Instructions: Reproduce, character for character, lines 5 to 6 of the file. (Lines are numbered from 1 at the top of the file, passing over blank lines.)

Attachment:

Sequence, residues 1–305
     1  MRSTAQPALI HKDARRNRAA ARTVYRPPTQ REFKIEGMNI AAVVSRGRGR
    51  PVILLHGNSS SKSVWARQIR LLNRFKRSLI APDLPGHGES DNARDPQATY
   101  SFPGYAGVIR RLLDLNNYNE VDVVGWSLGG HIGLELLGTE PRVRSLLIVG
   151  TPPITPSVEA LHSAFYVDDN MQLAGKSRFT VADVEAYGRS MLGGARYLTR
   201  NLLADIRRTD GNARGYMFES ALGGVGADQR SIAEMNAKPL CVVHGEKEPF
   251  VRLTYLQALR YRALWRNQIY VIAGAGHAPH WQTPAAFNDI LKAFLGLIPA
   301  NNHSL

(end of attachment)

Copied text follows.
   151  TPPITPSVEA LHSAFYVDDN MQLAGKSRFT VADVEAYGRS MLGGARYLTR
   201  NLLADIRRTD GNARGYMFES ALGGVGADQR SIAEMNAKPL CVVHGEKEPF